Not to say that I didn't have my moments where I was stuck on something, but in the end it worked out. Our own demo app we use to test real world code with, was crucial here in aiding my plans.

The difficult bridge to react-devtools

Problems started to arise once the new devtools was released and we received a wider audience of users eager to test it out with Preact. Whilst some issues could be fixed, others could not. I spent 4 full days trying to make it work and ultimately had to call in the defeat.

The new react-devtools with Preact The new react-devtools extension with Preact. As you can see the props panel is broken.

The reason it's difficult is that under the hood Preact and React do things quite a bit different from each other. Due to the focus on concurrent rendering, React splits everything into so called commits. It describes all the changes that were made in the current render request (for a lack of a better word). This means that each call to setState/forceUpdate or the toplevel render() function will create such a commit.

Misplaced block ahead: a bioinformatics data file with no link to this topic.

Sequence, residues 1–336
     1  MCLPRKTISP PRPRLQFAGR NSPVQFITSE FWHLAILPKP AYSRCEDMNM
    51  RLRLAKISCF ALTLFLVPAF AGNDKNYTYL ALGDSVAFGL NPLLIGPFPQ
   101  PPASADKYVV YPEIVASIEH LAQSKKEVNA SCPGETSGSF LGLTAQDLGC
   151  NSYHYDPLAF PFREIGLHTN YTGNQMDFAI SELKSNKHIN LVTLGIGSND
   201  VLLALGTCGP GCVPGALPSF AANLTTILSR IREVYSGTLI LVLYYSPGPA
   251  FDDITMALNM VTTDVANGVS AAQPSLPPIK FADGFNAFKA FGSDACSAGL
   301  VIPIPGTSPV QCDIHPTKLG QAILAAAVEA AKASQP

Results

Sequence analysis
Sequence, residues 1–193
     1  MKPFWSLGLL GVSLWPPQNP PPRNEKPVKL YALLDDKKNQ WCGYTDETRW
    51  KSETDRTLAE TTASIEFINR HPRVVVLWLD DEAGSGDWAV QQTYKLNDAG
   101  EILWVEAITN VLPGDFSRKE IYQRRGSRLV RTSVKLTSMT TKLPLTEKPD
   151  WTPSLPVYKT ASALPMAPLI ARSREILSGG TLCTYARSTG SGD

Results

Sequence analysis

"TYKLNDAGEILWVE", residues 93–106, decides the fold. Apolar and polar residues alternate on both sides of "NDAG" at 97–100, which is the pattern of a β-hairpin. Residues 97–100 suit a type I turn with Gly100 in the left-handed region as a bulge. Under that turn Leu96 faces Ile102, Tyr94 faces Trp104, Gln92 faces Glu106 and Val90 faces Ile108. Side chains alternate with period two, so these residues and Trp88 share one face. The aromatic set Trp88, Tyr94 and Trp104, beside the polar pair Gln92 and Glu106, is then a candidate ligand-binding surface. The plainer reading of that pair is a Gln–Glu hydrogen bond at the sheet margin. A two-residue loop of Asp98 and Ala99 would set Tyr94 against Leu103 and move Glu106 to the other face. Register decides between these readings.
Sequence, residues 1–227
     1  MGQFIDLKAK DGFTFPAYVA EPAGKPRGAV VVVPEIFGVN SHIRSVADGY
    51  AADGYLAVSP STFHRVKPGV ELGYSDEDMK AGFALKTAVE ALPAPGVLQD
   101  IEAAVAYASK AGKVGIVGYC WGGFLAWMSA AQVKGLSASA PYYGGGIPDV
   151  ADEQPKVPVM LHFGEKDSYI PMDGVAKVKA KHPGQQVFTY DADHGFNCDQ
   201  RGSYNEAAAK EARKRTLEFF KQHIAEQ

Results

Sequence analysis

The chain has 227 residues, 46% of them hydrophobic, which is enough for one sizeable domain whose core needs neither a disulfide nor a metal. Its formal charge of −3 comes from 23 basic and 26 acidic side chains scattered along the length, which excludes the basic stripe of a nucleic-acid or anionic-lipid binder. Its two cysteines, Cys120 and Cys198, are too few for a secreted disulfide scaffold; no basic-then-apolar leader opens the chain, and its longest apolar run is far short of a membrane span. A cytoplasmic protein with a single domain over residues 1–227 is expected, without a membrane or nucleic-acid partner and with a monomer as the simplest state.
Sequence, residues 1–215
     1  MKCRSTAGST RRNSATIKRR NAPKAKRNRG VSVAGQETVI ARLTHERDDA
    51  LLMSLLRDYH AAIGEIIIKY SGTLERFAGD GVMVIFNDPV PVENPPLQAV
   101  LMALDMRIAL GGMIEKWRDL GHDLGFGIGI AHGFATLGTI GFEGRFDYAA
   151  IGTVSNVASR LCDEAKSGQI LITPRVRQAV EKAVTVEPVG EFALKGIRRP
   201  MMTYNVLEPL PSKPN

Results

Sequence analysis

Those commits are then queued up into a message the devtools understands. Those events will be automatically in order so you can traverse it linearly on the extension side. That's pretty great for performance!

Trouble is that in Preact we don't have such a strict model of commits (yet?). When you call forceUpdate on a component we pause the current render and execute the new one in-between before continuing with the previous one. This obviously breaks the strict ordering rules of events for the devtools.

Note that this is just one of the issues I was facing, there are many more subtle ones, simply because both frameworks work so differently. That's even more true for Preact 8.x which is a whole different beast. Overall the main thing that broke me is the insane amount of time I spent on the adapter that masks Preact as React. I've come to the conclusion that it's better for us in the longterm when we have our own extension.

I want to be clear here that the react-devtools extension (as the name implies) is only targeted at React. We were fully aware that we didn't get any official support for that and for good reason (obviously). The devtools are excellent and some of the best we've seen. They even added tiny features just for us to make it easier to interface with it. We're super grateful for that and we have a lot to thank them for!